Most of the difference in the average lengths of the two kinds of year is due to the very slight change in the direction of the Earth’s rotation axis in space from one year to another. We usually think of the Earth’s axis as being fixed in direction – after all, it always seems to point toward Polaris, the North Star. But the direction is not quite constant: the axis does move, at a rate of a little more than a half-degree per century. So Polaris has not always been, and will not always be, the pole star. For example, when the pyramids were built, around 2500 BCE, the pole was near the star Thuban (Alpha Draconis). This gradual change in the direction of the Earth’s axis, called precession, is caused by gravitational torques exerted by the Moon and Sun on the spinning, slightly oblate Earth.
Because the direction of the Earth’s axis determines when the seasons will occur, precession will cause a particular season (for example, northern hemisphere winter) to occur at a slightly different place in the Earth’s orbit from year to year. At the same time, the orbit itself is subject to small changes, called perturbations. The Earth’s orbit is an ellipse, and there is a slow change in its orientation, which gradually shifts the point of perihelion in space. The two effects – the precession of the axis and the change in the orbit’s orientation – work together to shift the seasons with respect to perihelion. Thus, since we use a calendar year that is aligned to the occurrence of the seasons, the date of perihelion gradually regresses through the year. It takes 21,000 years to make a complete cycle of dates.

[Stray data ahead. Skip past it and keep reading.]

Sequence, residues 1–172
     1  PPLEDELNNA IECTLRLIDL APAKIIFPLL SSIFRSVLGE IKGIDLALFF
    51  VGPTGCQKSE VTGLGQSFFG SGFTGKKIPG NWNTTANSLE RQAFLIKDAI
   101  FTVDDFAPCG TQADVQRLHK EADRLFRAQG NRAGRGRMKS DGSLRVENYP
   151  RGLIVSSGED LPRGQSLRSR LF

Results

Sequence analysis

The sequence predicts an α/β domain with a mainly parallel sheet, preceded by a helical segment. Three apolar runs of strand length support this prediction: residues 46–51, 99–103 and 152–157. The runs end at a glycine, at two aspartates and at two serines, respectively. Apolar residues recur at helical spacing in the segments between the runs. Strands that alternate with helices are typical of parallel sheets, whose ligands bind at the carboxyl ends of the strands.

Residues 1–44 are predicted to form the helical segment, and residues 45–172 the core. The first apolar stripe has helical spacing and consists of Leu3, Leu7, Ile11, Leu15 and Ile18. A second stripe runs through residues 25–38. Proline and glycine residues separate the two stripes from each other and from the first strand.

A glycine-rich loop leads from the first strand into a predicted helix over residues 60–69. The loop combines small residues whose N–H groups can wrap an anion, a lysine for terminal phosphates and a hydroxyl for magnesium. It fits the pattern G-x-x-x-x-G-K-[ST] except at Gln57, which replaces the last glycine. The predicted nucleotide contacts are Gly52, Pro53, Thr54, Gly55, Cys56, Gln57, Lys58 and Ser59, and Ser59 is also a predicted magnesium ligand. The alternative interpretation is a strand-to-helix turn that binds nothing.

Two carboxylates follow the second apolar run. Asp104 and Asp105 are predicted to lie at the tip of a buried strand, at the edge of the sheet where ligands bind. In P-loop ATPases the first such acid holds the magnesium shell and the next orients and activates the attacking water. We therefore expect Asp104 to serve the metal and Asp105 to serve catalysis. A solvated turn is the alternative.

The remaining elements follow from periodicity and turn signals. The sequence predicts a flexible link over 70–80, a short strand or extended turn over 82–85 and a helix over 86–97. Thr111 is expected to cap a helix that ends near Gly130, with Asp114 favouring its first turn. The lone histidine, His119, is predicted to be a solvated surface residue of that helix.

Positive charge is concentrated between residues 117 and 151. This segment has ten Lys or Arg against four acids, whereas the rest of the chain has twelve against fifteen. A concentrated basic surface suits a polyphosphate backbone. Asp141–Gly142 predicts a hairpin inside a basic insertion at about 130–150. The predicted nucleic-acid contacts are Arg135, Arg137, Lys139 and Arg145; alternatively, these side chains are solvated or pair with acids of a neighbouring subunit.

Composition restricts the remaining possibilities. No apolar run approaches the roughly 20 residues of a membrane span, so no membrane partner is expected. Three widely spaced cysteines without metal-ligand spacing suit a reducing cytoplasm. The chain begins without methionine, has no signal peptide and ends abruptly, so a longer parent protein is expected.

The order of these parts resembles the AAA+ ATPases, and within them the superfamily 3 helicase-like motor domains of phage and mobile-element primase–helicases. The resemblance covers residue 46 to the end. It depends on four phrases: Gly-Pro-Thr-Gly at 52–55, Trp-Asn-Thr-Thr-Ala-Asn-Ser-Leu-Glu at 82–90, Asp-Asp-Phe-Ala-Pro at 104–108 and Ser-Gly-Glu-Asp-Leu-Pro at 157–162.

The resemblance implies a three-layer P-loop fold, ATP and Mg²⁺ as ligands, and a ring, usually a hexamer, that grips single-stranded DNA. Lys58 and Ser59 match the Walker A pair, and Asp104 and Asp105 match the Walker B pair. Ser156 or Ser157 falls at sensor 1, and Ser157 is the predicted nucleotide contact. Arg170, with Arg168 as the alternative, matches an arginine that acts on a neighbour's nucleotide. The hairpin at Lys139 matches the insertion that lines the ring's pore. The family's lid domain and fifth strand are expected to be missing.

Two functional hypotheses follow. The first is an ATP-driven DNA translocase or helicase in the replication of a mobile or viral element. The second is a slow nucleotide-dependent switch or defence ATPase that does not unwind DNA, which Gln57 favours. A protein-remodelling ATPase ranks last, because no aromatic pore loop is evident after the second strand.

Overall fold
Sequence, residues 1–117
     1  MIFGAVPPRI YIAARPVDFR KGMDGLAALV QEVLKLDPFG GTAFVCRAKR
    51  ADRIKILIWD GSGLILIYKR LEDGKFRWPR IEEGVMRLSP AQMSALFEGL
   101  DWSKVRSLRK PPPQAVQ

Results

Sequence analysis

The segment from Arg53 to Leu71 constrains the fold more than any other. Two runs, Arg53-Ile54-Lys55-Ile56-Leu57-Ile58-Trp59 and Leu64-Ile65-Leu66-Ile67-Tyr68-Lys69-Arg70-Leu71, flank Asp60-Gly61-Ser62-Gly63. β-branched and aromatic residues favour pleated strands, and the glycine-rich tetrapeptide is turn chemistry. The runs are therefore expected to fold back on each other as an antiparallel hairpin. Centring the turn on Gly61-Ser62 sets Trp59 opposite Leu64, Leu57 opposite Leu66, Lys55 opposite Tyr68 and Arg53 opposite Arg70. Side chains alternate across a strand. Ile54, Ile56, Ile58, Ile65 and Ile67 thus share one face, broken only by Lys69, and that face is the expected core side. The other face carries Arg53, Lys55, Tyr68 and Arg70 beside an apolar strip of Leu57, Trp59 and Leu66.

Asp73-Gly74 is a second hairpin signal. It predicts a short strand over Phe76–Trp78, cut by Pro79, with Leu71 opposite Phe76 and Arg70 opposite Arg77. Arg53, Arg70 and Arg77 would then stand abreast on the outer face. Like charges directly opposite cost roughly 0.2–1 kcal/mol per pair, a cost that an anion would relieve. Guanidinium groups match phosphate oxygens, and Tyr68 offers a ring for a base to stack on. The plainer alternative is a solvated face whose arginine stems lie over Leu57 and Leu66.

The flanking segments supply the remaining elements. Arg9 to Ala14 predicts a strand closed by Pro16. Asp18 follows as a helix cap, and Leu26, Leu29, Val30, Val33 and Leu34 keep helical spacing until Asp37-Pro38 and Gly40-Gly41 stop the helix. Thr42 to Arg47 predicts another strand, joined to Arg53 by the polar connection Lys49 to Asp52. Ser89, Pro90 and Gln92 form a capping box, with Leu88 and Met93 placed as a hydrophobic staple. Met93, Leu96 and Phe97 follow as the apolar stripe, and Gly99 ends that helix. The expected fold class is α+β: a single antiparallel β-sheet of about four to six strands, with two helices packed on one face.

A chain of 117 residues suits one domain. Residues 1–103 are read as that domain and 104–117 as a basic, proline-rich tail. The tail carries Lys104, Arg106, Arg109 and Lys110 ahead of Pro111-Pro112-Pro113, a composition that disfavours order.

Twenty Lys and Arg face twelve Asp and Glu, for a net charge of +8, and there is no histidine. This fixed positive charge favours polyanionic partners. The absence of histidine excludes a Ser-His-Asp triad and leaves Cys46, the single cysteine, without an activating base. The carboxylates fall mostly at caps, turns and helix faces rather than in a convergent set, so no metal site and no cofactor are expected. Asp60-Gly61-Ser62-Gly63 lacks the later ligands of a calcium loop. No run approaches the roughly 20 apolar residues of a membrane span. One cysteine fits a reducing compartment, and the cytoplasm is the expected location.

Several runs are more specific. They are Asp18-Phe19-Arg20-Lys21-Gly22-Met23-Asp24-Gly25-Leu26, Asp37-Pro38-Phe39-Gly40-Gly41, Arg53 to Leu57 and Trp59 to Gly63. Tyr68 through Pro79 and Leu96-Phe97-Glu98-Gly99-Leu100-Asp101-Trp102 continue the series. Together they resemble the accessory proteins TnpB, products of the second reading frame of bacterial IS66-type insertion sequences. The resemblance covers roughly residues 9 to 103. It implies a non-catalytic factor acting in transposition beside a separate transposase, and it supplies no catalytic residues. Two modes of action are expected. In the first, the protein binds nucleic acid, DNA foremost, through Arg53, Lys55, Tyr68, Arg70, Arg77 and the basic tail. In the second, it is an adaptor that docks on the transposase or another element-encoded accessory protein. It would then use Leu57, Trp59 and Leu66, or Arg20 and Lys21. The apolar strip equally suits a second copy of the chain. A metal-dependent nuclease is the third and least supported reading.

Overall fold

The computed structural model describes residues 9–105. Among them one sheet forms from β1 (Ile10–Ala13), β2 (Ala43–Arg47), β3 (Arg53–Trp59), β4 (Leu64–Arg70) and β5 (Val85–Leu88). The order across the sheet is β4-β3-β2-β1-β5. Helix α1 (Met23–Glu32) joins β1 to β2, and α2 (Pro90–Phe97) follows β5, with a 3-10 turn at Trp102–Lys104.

We would not expect the 21,000-year cycle to be very important climatologically because the Earth’s orbit is almost circular – the distance to the Sun at perihelion is only about 3% less than its distance at aphelion. That is, whether perihelion occurs in January or July, it seems unlikely that our seasons would be much affected. At least, that is the case now; but the eccentricity of the Earth’s orbit (how elliptical it is) also changes over very long periods of time, from almost zero (circular orbit) to about three times its current value. The eccentricity of the orbit varies periodically with a time scale of about 100,000 years. So, it would be reasonable to suppose that if the 21,000-year perihelion shift cycle were to have any effect on climate at all, it would only be during the more widely-spaced epochs when the orbital eccentricity was relatively large. That is, climatologically, the 100,000-year cycle of eccentricity should modulate the 21,000-year cycle of perihelion.
In fact, Mars has an orbit much more eccentric than the Earth’s, and its perihelion cycle (which has a period of 51,000 years) does apparently have a significant effect on climate and prevailing wind direction there.
This information comes from the US Naval Observatory: http://aa.usno.navy.mil/